We do not know more today than we did last month about the shooting. A day after the Sheriff’s Department released a press release on the matter, we learned little more than we knew at the onset.
My first attempt to talk to the section chief himself proved fruitless, as I was immediately sent to their media relations department.
I spoke with a woman there named Xochitl Hinojosa, who sent out the following statement, “After a careful and thorough review, the Justice Department determined that there was insufficient evidence, beyond a reasonable doubt, to pursue federal criminal civil rights charges against Yolo County Sheriff’s Office deputies involved in the fatal shooting of Luis Gutierrez Navarro.”
The release continued, “Under the applicable federal criminal civil rights laws, prosecutors must establish, beyond a reasonable doubt, that a law enforcement officer willfully deprived an individual of a constitutional right. Accordingly, the investigation into this incident has been closed without prosecution.”
That is basically the same information that was contained in Mr. Kappelhoff’s letter. Although, at least we know the standard under which the DOJ investigation operated.
When asked what kind of investigation took place, the Vanguard was informed, “Our investigations involve a review of the available and relevant evidence, which may include witness interviews, review of relevant documents and reports, and forensic examinations, among other relevant investigative steps.”
However, when asked about the possibility of speaking with Mr. Kappelhoff or providing additional information about the investigation, the Vanguard was told, “The Department declines further comment.”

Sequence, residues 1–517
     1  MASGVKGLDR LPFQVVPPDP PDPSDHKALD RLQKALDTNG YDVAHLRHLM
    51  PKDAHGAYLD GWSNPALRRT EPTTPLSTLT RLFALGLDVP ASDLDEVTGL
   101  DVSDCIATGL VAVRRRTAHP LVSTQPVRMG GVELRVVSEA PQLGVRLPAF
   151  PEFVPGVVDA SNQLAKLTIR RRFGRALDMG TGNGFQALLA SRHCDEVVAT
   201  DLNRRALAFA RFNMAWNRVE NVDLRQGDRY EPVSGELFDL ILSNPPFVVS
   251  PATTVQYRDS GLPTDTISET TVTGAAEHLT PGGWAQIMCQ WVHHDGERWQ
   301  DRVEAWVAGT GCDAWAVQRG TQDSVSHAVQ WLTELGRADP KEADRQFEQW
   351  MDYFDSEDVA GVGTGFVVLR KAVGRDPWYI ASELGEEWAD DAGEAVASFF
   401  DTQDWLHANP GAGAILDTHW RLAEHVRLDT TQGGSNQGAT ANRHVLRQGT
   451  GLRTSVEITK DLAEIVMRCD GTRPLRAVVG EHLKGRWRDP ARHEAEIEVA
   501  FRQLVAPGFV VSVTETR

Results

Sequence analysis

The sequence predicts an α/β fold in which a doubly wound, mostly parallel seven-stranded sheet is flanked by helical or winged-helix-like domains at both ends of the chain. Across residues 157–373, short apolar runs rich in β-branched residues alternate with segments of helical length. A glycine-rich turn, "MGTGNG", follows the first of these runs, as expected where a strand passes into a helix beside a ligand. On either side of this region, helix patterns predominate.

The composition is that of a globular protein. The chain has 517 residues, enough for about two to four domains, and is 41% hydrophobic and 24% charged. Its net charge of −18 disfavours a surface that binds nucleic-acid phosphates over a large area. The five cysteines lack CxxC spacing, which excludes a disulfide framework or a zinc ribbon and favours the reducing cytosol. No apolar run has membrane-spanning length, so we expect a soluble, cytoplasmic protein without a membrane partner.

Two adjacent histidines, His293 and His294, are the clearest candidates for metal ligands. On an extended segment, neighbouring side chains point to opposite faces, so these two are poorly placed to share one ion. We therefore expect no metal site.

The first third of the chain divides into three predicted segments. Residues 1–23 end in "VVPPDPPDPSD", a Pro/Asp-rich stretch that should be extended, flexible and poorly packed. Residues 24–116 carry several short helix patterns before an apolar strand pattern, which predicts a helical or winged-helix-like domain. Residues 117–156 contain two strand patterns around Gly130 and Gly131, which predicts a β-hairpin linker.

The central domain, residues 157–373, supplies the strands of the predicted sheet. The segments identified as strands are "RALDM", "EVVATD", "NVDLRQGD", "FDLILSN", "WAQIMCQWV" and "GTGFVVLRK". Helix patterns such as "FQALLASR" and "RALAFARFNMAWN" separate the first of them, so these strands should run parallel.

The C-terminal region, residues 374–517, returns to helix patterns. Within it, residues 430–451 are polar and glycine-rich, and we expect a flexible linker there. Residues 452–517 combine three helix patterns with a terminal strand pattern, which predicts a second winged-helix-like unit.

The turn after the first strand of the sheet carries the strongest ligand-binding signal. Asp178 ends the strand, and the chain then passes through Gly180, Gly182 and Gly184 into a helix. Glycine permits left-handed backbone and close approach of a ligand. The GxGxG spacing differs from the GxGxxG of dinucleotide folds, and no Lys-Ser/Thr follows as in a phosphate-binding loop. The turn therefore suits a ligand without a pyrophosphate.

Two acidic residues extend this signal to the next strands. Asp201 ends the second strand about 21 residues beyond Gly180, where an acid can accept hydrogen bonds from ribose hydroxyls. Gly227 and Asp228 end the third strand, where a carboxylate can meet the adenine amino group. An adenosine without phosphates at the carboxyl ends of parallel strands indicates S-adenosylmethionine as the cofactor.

After talking with some of the witnesses, the Vanguard confirmed what it suspected, none of them were contacted by the Department of Justice. What this means very clearly is, despite the claims by the Sheriff’s Department that there were four independents investigations into the shooting, there was not.
Instead, there was one investigation into the shooting, and two or three reviews of that investigation. Additional witnesses that have been located, and further details that came out as a result of the investigation by Frank Roman and the Civil Rights Panel, were apparently not part of the Federal Investigation.
So yes, based on the review of the report written by the Woodland Police Department and released by the Yolo County District Attorney’s office, I can see where prosecutors would not believe they have evidence to establish beyond a reasonable doubt “that a law enforcement officer willfully deprived an individual of a constitutional right.”
Unfortunately, anyone who expects someone to accept the findings of the original investigation based on this report is being naive.
From the start, the Vanguard and other civil rights organizations in Yolo County have called for a full and independent investigation from an outside agency. We have not had one. I do not consider the review by either the Attorney General’s Office or the US Department of Justice to be a full and independent investigation.
There are simply holes in the story that the report does not explain. As I told KCRA yesterday afternoon, I do not know whether the sheriffs in this case acted appropriately or not. I do not have enough information to make a determination either way. What I do question is the official story, and I question the lack of investigation.